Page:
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New changes in how your hair dresser conducts him or herself may be in effect across the board because Chi-town is already in full effect. So the fact that Illinois legislators passed a law in late April requiring braiders to obtain specialized training and a license may offer some patrons comfort. This could reduce all of the head patting to sooth the pains of super tight braids that make your eyes water then your scalp is being tortured I mean pulled into place.

At the very least, the new requirement “will help set a standard. This can be viewed as an upgrade in professionalism for the hair industry.

The bill, expected to be signed by the governor in coming weeks, will require existing hair braiders who have shown they have practiced their craft for at least two years to get a license for a fee. That means your cousin, Pookie and em’ from around the way, and even your homegirl that hooks up the heads of all the cute boys with braids on campus for $10 better get their paper work straight or beware. Going forward, those who are new to the industry will be able to obtain a license after 300 hours of training in braiding and creating intricate styles, as well as sanitation.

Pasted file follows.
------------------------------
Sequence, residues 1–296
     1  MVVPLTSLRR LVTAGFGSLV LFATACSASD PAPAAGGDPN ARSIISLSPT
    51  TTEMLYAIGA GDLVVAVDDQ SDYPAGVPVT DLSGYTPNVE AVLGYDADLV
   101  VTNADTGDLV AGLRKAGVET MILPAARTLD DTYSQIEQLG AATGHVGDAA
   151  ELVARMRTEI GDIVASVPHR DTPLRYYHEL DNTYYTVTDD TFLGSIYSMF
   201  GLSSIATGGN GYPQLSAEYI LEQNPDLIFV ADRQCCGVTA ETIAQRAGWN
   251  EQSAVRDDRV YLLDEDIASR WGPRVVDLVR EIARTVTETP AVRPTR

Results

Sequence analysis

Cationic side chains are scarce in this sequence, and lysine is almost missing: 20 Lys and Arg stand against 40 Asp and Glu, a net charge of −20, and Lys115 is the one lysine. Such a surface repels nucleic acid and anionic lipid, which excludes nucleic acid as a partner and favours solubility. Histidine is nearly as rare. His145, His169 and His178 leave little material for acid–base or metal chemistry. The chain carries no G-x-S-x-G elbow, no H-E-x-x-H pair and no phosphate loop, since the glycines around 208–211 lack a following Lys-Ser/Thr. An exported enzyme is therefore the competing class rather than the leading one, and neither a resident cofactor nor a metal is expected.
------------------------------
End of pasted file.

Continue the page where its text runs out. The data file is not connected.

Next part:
Prior to the bill, hair braiders were subject to the more rigorous standards of traditional hair stylists, estheticians and barbers who only can obtain a license after receiving a degree, taking up to 1,500 hours and costing $15,000. There are more than 60,000 cosmetologists in the state of Illinois.

The hair-braiding shop owners, many of whom are African and black American women, saw the current law as unreasonable. They ignored it because they had learned the ancient braiding craft as young girls and perfected it through the years. State regulators didn’t see it the same way and started shutting down many of the shops that can be found mostly on the South and West Sides of Chicago.

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